Iris and Walter
Elissa Haden Guest, illus. by Christine Davenier (Harcourt/Gulliver)
Four gracefully paced chapters, stylish illustrations and a design that allows plenty of breathing room add up to a knockout kickoff to a beginning reader series, about a girl who moves from her beloved Manhattan to the country. The author's economic eloquence is in perfect sync with Davenier's elegant watercolor and ink drawings of the blossoming friendship that eases Iris's transition.
Year of the Griffin
Diana Wynne Jones (HarperCollins/Greenwillow)
Infused with all manner of enchantments, this sequel to Dark Lord of Derkholm is a boisterous spoof of the campus novel, reading like a cross between David Lodge and a particularly buoyant incarnation of J.R.R. Tolkien. One grand adventure follows the next all the way to the pleasing conclusion; this is great good fun.
Silent to the Bone
E.L. Konigsburg (Atheneum/Karl)
This middle-grade novel combines a plot loosely based on the Louise Woodward/ Matthew Eappen case with a taut psychological mystery. The two-time Newbery Medalist inlays the story with tantalizing facts and peoples it with her hallmark idiosyncratic characters. She also investigates the dynamics of step-families, preadolescent sexuality and other knotty subjects--and joins every element seamlessly.
Iain Lawrence (Delacorte)
In Lawrence's lyrical novel, an albino boy runs off to join the circus. Although the premise may be familiar, there is nothing conventional about the author's portrayal of this taunted hero. The narrative probes the isolation and alienation of 14-year-old Harold, better known as "Ghost Boy." Depicting the circus as a microcosm of society, the author effectively conveys the universal desire for acceptance and approval; he invites readers to look beyond others' outer appearances and into their souls.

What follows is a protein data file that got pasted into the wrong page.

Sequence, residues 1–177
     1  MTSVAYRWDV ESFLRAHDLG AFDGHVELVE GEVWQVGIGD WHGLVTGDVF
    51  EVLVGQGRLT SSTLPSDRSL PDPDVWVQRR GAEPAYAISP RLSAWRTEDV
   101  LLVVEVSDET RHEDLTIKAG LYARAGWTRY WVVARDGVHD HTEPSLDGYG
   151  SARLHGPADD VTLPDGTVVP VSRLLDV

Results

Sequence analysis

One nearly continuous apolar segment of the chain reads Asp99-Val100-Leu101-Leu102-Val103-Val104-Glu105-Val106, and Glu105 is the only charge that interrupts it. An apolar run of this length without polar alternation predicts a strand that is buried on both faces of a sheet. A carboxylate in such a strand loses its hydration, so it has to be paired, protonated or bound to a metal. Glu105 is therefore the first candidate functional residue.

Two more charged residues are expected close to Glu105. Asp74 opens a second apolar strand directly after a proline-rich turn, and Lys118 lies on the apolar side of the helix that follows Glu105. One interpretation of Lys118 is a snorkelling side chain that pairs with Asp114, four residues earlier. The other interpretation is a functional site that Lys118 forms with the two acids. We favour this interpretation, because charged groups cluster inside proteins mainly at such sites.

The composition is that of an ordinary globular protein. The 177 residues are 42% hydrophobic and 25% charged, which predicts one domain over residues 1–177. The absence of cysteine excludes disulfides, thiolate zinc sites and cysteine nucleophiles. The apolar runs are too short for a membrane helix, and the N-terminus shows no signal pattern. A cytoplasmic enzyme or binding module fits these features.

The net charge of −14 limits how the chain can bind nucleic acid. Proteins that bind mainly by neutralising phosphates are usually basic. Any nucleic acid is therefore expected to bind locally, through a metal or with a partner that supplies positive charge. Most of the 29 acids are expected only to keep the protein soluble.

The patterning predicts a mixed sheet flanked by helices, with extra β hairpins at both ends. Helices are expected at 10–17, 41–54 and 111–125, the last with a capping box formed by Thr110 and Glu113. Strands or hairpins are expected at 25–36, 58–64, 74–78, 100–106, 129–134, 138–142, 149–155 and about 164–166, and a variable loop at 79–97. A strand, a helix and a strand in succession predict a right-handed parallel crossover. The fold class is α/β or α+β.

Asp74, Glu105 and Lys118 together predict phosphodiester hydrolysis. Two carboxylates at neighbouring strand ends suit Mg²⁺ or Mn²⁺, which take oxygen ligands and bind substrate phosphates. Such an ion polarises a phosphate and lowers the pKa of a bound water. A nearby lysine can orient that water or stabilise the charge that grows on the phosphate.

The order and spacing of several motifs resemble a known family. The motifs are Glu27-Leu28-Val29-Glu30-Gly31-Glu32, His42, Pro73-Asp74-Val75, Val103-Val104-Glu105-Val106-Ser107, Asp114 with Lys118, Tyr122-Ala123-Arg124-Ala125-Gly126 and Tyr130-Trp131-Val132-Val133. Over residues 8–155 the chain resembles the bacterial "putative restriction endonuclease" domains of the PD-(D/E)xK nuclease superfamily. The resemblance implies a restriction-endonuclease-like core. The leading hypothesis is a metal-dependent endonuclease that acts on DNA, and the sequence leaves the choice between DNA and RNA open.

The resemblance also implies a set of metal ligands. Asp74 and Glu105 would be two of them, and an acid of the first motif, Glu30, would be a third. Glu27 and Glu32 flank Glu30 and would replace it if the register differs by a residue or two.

Julius Lester (Harcourt/Silver Whistle)
Lester creates a captivating story of a Moses torn between two cultures, from his discovery in the bulrushes to his solo flight to Midian, as seen through his sister's eyes. The author imagines a titillating paradise within the pharaoh's palace walls--appealing to all five senses--and makes a compelling case for a young man caught between the faith of his Hebrew mother and his adoptive family's aesthetics and beliefs.
The Doll People
Ann M. Martin and Laura Godwin, illus. by Brian Selznick (Hyperion)
Martin and Godwin inventively spin out their own variation on the perennially popular theme of toys that secretly come to life, injecting their tale with a lively dose of action and suspense. The Doll family has lived in the same dollhouse for 100 years, but everything changes with the arrival of the modern, plastic Funcraft family--and with young Annabelle Doll's determination to solve a 45-year-old mystery.
Megan McDonald, illus. by Peter Reynolds (Candlewick)
This comical novel introduces the entertainingly mercurial third-grader Judy Moody, who devises intriguing solutions to her various dilemmas. Her relationship to her best friend Rocky and her second-grader brother, Stinky, propel the plot in diverting directions, and the dialogue is spot-on. It's hard to imagine a mood that Judy couldn't improve.
Harry Potter and the Goblet of Fire
J.K. Rowling (Scholastic/Levine)
The fourth Harry Potter adventure, centering on an inter-school competition, boasts details that are as ingenious and original as ever. Surely catching readers off-guard must get more difficult with each successive volume, but somehow Rowling plants the red herrings, the artful clues and tricky surprises that disarm the most attentive audience. A spectacular climax will leave readers breathless.
Pam Muñoz Ryan (Scholastic Press)
With a hint of magical realism, Ryan's robust novel set in 1930 captures a Mexican girl's fall from riches and her immigration to California. The author weaves into Esperanza's narrative the girl's growing awareness of Mexico's post-revolution tensions, the arrival of Oklahoma's Dust Bowl victims in California and the struggles between the U.S. government and Mexican workers trying to organize for better living conditions.
Jerry Spinelli (Knopf)